Croatian Americans have formed hundreds of organizations in the United States, including the Slavonian-Illyrian Mutual Charitable Society, The Croatian Fraternal Union, and the Croatian Catholic Union. In 1991 when Croatia faced aggression after freshly receiving its sovereignty as an independent state, 35,000 Croatian-Americans from all over the U.S. rallied in Washington D.C. to show their support (“Croatia & USA”). The zealousness of these Croatian-Americans is a demonstration of the kind of pride that all Croatian-Americans feel toward their heritage. Those more artistically inclined may choose to express this pride and/or concern for their homeland through the written word.
It is human nature to relieve stress by expressing the cause of it. One way to do this is through writing. Josip Novakovich, one of the best known Croatian American authors, was born in Croatia and moved to the United States when he was twenty. His success may be attributed to a unique writing style due to the fact that English is not his primary language, not to mention a unique perspective resulting from experiencing both Croatian and American cultures.
In “Turkish Coffee,” published in Novakovich’s collection of short stories Yolk, Novakovich explores the psychological and physical traumas that can be induced by living in a country that has as divided a history as Croatia’s. Novakovich begins his story by describing the narrator’s Uncle Ivo:
Ivo was kind, and he did not preach and forbid like the rest of our family. As a boy, in the last world war, he had walked fifty miles to tell his sister–my mother–that her husband was alive–for a year she had not known it (169).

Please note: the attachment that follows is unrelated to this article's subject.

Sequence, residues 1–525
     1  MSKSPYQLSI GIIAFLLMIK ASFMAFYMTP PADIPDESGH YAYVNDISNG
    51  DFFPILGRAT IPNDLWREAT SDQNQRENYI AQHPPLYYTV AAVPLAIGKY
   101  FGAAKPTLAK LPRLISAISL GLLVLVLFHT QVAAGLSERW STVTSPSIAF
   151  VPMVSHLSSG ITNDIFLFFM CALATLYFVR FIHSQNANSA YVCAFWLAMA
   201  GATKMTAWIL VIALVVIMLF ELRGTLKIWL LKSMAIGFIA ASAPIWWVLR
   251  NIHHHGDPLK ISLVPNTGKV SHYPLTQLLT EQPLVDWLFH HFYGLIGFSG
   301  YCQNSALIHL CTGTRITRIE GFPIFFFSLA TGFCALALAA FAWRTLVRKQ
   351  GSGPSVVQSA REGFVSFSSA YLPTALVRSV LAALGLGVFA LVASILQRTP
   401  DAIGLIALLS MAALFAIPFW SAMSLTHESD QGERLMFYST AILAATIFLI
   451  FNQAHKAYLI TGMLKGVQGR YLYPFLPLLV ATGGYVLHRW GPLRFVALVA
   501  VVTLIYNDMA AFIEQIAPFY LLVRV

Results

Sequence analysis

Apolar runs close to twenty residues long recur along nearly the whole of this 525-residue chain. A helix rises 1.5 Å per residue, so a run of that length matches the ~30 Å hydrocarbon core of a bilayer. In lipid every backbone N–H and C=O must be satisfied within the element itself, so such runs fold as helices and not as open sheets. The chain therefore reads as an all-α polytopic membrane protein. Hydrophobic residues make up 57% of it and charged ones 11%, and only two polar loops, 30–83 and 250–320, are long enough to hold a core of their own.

This passage lets us know right away that Ivo, while later being described as a Vesaljak, or Jolly Man (170), has experienced hardships at the hands of war that are not typical of many people in countries like the U.S., and are apparently not familiar ground for the narrator. Later on in the story, however, an event occurs that pulls away the curtain of Ivo’s facade of joyfulness:
[Ivo’s daughter] Maya’s application to the school of aviation was denied–no woman in Yugoslavia had become a pilot before–with the explanation that her nerves were weak. . . . One morning she jumped from the sixth-floor balcony and crashed to the pavement of the Square of Flowers.
A year after her suicide, my wife Jeanette and I visited Zagreb. . . . Most of the cheese, bread and grapes in the refrigerator were green with mold. . . . Through smoke, Ivo asked me what I’d become in the States. I delayed answering . . . Ivo said, “Nothing, what else would you become?” . . . I asked him whether he knew any new jokes. No, and he’d forgotten the old ones. . . . He had an ulcer, and one night he had fallen over the kitchen threshold and nearly bled to death so quietly that he had not woken
He’d seen one mad Croatia and two intoxicated Yugoslavias collapse. . . . He expected nothing good to come out of the Balkans, and that included me. I was nothing. His family was nothing. He was nothing (171-172).